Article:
Black Hills Weather: System could bring potential relief – and potential impacts Tuesday
Areas along and south of I-90 are likely to see some sort of precipitation - which still leaves out areas north of the Black Hills that desperately need moisture
Happy Easter! Before we get into the meat and potatoes of Tuesday’s system, lets break down the next 36 hours.
- Conditions expected to be warm and dry across the Black Hills Region Sunday.
- A wind shift to the northeast is expected sometime this afternoon.
- Monday will be cooler, with an approaching cold front expected to increase winds – and with it fire concerns.
- The good news is relative humidity should recover to the 25%-35% level fairly quickly after the frontal passage.
- Temperatures will drop as we push into Monday evening.
- Eventually, the initial push of Northwest winds will turn North and eventually Northeasterly as we push later into Monday.
- Any winds with an easterly component *generally* increases relative humidity – so although we will need to be alert for fire weather, conditions will be slowly improving.
- A relatively small, compact system will begin approaching from the West Monday evening, traveling southeast and gathering steam as it moves.
- A mixture of rain and snow could begin as early as 6 PM for the Bighorns and portions of Campbell County, Wyoming.
- Variable, breezy conditions can also be expected – more than likely with a Northerly component.
- By Tuesday morning/midday rain and snow will be pushing into portions along and south of the I-90 corridor.
- Snow will be highly elevation dependent with this system, but there is *some* evidence that snow could find its way to lower elevations for extended periods of time.
- By late Tuesday, dry air will be wrapping around from Montana and Wyoming – undercutting precipitation and drying things out going into Wednesday.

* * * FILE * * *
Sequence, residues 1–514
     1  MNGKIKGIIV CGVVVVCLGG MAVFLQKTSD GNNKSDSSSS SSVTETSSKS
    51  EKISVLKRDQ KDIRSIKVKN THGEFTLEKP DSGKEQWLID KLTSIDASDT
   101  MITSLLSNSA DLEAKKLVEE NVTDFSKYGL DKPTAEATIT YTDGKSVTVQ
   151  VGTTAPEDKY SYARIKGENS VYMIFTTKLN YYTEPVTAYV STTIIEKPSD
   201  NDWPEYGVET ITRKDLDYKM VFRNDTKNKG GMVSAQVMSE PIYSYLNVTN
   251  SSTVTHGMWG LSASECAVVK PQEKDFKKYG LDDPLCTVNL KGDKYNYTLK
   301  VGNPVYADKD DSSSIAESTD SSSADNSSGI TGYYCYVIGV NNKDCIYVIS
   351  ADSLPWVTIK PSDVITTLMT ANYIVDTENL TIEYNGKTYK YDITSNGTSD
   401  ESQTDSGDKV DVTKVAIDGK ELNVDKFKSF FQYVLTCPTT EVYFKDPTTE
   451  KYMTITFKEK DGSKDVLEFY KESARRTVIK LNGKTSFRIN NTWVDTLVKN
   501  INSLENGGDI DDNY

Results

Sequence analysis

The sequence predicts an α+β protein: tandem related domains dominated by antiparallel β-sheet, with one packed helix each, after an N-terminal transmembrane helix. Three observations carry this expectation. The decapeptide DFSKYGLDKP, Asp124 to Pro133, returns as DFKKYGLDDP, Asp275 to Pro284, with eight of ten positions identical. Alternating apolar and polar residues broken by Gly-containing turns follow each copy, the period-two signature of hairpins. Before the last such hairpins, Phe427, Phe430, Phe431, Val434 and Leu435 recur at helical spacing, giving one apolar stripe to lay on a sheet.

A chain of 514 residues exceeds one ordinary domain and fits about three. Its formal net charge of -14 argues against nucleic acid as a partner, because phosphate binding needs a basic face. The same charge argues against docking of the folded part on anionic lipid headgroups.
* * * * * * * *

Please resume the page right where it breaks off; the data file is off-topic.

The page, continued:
- A consensus among short and long range models are starting to come together and it’s telling a story that is becoming all to familiar: Areas North of I-90 are likely to be left out.
- This is frustrating, as areas such as Harding, Perkins, Butte, Meade, Ziebach and Haakon county desperately need moisture to stave off Extreme drought and wildfire conditions.
- There will be many cases where you see rain/snow falling at your location according to radar – but dry air is absorbing this precipitation and evaporating it before it can reach the surface.
- We have seen this in Rapid City and the I-90 corridor several times this year already – drought conditions make these dry pockets much more common and those hoping for rain/snow may be made to wait later in the day or snubbed altogether.
- The farther North you travel in the Black Hills Region, the more likely you are to encounter these dry pockets.
- There are pockets in the higher elevations of the Black Hills such as Lawrence, Western Pennington and Custer County that could see moderate to heavy accumulations – 6″+ is not out of the question at this point.
- Lower elevations should temper their expectations as most heavy wet snow will more than likely melt on contact.
- There are SOME models that suggest colder air could switch rain over to snow even in the plains East of the Black Hills. Large, heavy snowflakes could quickly change a moderate rain into slick road conditions in a very short amount of time in these areas.
- Its a difficult forecast at this point but so far resident East and Southeast of the Black Hills such as New Underwood, Wall, Fairburn, Kyle, Pine Ridge, Oglala and Oelrichs should keep a close eye on the forecast over the next 24 hours.
- Those who are calving may need to take some precautionary measures as sustained 15-25 Northerly winds are expected to pick up in Tuesday and Wednesday – with either a cold rain or wet snow possible Tuesday morning through possibly early Wednesday.
- We will update the forecast with the latest as it becomes available.
- Regardless of whether rain or snow eventually does fall – latest guidance suggests up to a 3/4″ of moisture could fall in total for some areas.
- Amounts drop off significantly as you go North of I-90, and expectations should be kept low for appreciable moisture in those areas – hopefully the low tracks a little farther North over the next 24 hours to change this.
- As you can see, areas of NW and North Central South Dakota could really use a shift in precipitation expectations.
- The drier these areas get – the harder it will be for systems to overcome dry surface conditions.
- Don’t let the temperatures fool you on Tuesday – with winds blowing northerly and a steady cold rain/snow things could get chilly very quickly. Staying dry will be important.
- If this system Tuesday misses critical areas, the good news is we have another roll of the dice this next weekend that could bring more relief to the area.
- Expect an update on this forecast as things change – Here’s hoping mother nature answers the call so we can help firefighting efforts across the region.
Happy Easter from us to you and your families – stay safe out there.